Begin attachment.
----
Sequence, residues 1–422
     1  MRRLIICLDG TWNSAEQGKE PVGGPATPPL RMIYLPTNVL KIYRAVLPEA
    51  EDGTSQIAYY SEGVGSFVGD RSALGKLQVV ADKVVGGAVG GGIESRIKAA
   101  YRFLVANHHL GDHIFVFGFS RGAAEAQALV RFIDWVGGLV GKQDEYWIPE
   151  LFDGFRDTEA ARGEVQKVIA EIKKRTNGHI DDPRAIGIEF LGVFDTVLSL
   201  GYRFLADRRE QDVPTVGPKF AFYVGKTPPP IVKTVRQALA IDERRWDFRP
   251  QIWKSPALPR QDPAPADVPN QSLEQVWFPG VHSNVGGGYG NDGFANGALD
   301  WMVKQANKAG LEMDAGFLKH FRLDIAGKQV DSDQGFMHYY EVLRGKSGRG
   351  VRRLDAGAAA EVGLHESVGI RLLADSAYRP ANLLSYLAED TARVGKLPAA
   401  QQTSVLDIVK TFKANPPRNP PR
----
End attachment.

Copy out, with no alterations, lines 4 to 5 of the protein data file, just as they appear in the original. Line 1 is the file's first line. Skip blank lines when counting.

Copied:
   101  YRFLVANHHL GDHIFVFGFS RGAAEAQALV RFIDWVGGLV GKQDEYWIPE
   151  LFDGFRDTEA ARGEVQKVIA EIKKRTNGHI DDPRAIGIEF LGVFDTVLSL